Mental illness is not a critical factor in explaining terrorist behavior.
According to the alienation view of terrorist motivation, terrorists are relatively "ordinary" people who believe that a suicide mission will
cleanse them of the corruption of the modern world.
In response to the 9/11 terrorist attacks, Congress passed the USA Patriot Act, creating a ________ who was charged with coordinating data from the nation's primary intelligence-gathering agencies.
Director of National Intelligence
Embezzlement occurs when someone who is trusted with property fraudulently converts it. What do we know about embezzlement?
Embezzlement goes back to ancient Greece.
Criminologists suspect that, of the millions of property and theft-related crimes that occur each year, most are committed by
Most states have changed the legal requirements for burglary, removing the element of "forced entry." What is entry via deceit legally considered?
Sometimes adolescents are coerced into shoplifting by older peers. This type of shoplifter is termed a
Cargo thieves are professionals who work in highly organized groups and employ specialists, such as ____, who physically move the goods and work with drivers to transport stolen merchandise from docks.
Female and male burglars show similar offending patterns but specific gender differences do exist. Which is one of those differences?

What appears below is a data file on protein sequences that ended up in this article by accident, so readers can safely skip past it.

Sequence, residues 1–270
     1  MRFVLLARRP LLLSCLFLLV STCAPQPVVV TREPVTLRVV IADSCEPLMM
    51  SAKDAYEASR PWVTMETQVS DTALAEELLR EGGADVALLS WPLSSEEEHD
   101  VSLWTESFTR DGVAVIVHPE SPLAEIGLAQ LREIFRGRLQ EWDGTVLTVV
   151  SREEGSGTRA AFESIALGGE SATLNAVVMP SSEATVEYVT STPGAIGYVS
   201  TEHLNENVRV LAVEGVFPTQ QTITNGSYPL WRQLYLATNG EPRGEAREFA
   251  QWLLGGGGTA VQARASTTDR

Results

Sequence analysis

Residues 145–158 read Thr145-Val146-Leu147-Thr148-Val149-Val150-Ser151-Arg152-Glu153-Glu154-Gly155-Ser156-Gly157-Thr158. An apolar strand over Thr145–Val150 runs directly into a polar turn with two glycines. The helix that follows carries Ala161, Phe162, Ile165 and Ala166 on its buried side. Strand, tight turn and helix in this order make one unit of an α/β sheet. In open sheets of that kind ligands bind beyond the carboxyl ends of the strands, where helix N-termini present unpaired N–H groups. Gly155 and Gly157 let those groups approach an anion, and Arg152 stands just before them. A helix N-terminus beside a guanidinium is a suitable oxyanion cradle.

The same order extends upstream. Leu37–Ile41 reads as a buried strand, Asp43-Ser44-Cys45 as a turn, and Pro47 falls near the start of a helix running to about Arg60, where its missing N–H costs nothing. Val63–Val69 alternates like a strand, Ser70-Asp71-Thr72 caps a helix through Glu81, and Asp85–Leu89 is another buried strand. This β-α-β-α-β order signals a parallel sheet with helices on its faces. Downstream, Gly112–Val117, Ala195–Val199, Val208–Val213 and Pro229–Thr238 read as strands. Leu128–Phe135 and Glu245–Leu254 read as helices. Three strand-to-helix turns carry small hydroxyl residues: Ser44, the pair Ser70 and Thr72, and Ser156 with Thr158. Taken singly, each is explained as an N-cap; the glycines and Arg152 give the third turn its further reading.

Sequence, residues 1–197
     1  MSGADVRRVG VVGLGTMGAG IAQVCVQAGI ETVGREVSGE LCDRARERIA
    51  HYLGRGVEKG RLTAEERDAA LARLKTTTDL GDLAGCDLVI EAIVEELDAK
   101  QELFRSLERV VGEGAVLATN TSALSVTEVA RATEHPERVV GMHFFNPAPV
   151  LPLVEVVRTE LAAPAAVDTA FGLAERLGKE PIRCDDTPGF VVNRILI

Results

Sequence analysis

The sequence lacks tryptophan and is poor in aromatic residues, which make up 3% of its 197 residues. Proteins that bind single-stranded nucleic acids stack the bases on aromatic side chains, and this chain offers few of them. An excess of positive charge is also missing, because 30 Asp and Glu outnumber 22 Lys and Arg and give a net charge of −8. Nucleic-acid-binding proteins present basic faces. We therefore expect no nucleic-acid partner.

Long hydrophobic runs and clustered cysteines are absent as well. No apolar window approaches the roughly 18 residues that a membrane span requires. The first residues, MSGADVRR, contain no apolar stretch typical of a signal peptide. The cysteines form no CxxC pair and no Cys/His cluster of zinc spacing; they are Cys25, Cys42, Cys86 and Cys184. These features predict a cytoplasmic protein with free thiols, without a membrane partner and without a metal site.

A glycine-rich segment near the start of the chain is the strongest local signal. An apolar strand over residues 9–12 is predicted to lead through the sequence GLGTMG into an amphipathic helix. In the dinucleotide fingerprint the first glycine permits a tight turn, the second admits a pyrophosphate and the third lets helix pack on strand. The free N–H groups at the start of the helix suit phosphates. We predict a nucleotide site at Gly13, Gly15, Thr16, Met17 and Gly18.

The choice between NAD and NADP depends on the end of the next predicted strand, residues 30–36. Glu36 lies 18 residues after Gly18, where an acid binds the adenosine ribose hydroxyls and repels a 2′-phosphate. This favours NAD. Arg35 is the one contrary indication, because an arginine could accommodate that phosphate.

Female burglars are more likely to work with a partner.
To promote the arrest of amateur and professional shoplifters, a number of states have passed _____ laws that are designed to protect retailers and their employees from lawsuits stemming from improper or false arrests of suspected shoplifters.
Fifteenth and sixteenth century foreign mercenary troops looted and pillaged the English and French country sides because they felt such theft was
a rightful part of their pay.
The "swoop and squat," the drive down, the sideswipe, and the t-bone are forms of what type of crime?
third party fraud
______ criminals often deny their criminality. These offenders are most likely to respond to the general deterrent effect of the law.
Why have shoplifting incidents increased dramatically in the past twenty years?
Because popular retailers rely on highly visible merchandise displays to attract purchasers.
During the eighteenth century _______ moved freely in sparsely populated areas and transported stolen goods, such as gems, gold, and spices, without paying tax or duty.
Why do most state jurisdictions punish burglary as a felony?
Because the potential for harm to the occupants is so significant.
Neal Shover studied the careers of professional burglars finding key requirements of "the good burglar." Which is not one of those key requirements?
cultivating a ring of bail bond agents